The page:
Nissan LEAF Test Drive Review In Ireland – Video

3 years ago by Electric CarsTV 5

We find it rather beneficial to evaluate some test drive reviews of plug-in vehicles where the reviewer is conducting the test in some other country.  This allows us to evaluate the plug-ins international impact.

Nissan LEAF in Ireland

Nissan LEAF in Ireland

Sometimes, a certain plug-in vehicles seems to make perfect sense here in the US, but then that same vehicle doesn’t sell well elsewhere.

Often times, this is due to differences that we don’t immediately pick up on here in the States.

For example, a vehicle like the Tesla Model S sells well in the US where we love BIG automobiles, but will it sell well in the UK where the largest auto driven there is typically half the Model S’ size?

That’s just one example of how regional differences come into play in relation to plug-in vehicle acceptance.

But is the Nissan LEAF subject to these regional ups and downs?  If any plug-in vehicle is immune, it seems the LEAF is it.

Globally, the LEAF is the #1 selling plug-in vehicle.  It’s not even a close race.

Having now gone way off track, we return to the focus of this article.  Here’s a test drive video review of the Nissan LEAF from Ireland, a place where plug-in vehicles struggle for sales.

“This is a the big test, is it possible to live with the electric car and can you really drive on motorways with the new LEAF?”

Even in Ireland, the LEAF seems to appeal.

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5 responses to "Nissan LEAF Test Drive Review In Ireland – Video"

  1. Anon says:

    If it’s cheap enough, it will sell…

    1. offib says:

      €25,000 before reductions. That is near (less than €1000 more) to a base 1.6 bluemotion Golf.

  2. GSP says:

    The Leaf should be a great car for Ireland, especially now that they have quite a few DC fast chargers.

    The reviewer liked it, but he still had some of the typical misconceptions about EVs, like the heated seats and steering wheel being “top spec” instead of standard equipment, and thinking they would have a significant impact on range.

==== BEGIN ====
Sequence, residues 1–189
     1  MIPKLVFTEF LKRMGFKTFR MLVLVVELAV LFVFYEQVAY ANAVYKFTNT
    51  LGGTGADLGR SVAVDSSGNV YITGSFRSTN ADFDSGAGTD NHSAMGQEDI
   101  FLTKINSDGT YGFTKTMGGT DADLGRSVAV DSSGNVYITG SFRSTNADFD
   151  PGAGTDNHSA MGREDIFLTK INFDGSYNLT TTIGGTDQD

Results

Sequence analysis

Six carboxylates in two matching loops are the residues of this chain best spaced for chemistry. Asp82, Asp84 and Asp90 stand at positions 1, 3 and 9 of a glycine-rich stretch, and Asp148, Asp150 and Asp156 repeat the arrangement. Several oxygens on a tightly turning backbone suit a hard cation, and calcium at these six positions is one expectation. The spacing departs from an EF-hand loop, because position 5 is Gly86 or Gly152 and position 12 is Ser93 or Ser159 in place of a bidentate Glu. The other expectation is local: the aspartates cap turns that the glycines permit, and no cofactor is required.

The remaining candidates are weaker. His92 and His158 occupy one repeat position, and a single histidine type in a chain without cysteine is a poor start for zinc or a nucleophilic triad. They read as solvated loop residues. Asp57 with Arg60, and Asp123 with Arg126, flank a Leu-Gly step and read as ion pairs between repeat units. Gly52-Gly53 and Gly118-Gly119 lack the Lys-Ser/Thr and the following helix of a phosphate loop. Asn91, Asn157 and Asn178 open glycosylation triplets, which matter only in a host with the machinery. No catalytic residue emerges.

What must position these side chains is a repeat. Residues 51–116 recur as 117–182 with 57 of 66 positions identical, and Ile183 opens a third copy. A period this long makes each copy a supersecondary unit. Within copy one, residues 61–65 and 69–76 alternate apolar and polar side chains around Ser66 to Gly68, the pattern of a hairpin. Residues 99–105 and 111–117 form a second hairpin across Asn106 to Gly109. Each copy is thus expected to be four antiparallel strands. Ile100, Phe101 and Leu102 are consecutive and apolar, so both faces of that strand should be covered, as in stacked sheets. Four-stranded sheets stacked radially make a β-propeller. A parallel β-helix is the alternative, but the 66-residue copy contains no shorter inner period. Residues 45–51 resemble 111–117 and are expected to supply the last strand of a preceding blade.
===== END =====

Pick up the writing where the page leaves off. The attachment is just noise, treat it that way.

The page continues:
1. offib says:

      There’s always hold back. For one, a lot of people who are liekly to buy a new car (mid 30s and over or fleet wowners) haven’t even heard of an electric car that was on sale, not even the Tesla Model S.
      That’s all despite the government’s (ESB’s) best efforts to raise awareness every year.

      There’s constant misunderstanding with charging. People who I know were convinced that when a LEAF for example charges up for 4 hours, they must wait for 4 hours to go anywhere, and don’t get me started on the 80%-100% trickle.

      The two most infurriating objection are plenty of people’s (from bloggers to plenty of car reviewers on newspapers) object to that there’s still no infrastructure and that a 20 minute wait at a petrol station (where there’s coffee, tea and scones) while rapid charging is too much for them and doing it twice to go across the country is a waste of time.

      There’s one in the Independant. “I’d need to stop twice at designated fast-charge points for at least 30 minutes each time. And travelling to somewhere like Mayo would be much more difficult and much slower.”
      That’s a guess. The trip to Mayo is 155 miles, that’s not difficult. 155 miles in the UK with its iffy infrastructure would be easy enough.

      And again, they report waits of well over half an hour because they don’t know about the 80%-100% trickle charge.

  3. RedLeafBlueLeaf says:

    As an American LEAF driver who also spends lots of time in Ireland, including the north, I think it would be a terrific car on that island. The climate is cool, which is perfect for minimal battery degradation, but the temperature never approaches the ultra-freezing zone that kills the car’s range.

    It’s an island, so you can only go so far – there isn’t any sense of “well, 6 times a year I have to drive from St Louis to Minneapolis for family so I can’t have a LEAF”. In addition, public transport in terms of trains and express buses is great (and, unlike large parts of the US, taking a bus is not akin to sitting with the local crystal meth addict society but instead is what the business people do) so when you do need to go outside range you have tons of options.

    Then throw in the fact that the cities, while not large, are compact and dense per normal old world standards. Belfast, for example, has about 600k people in the metro area which for most of the US means a city with a token down town and hundreds of square miles of car-centric sprawl. But downtown Belfast is as busy as much larger cities with great public transport and is hugely walkable, so if you were visiting from a distance you’d actually be better off to arrive via public transport.

    Last, and not least, there is a ton of EV charging stations. Unfortunately I often see them ICEd and have never seen them in use, which probably has more to do with the relative cost of the cars. But even with that caveat I could make the LEAF work much more easily in Ireland than in most of the US.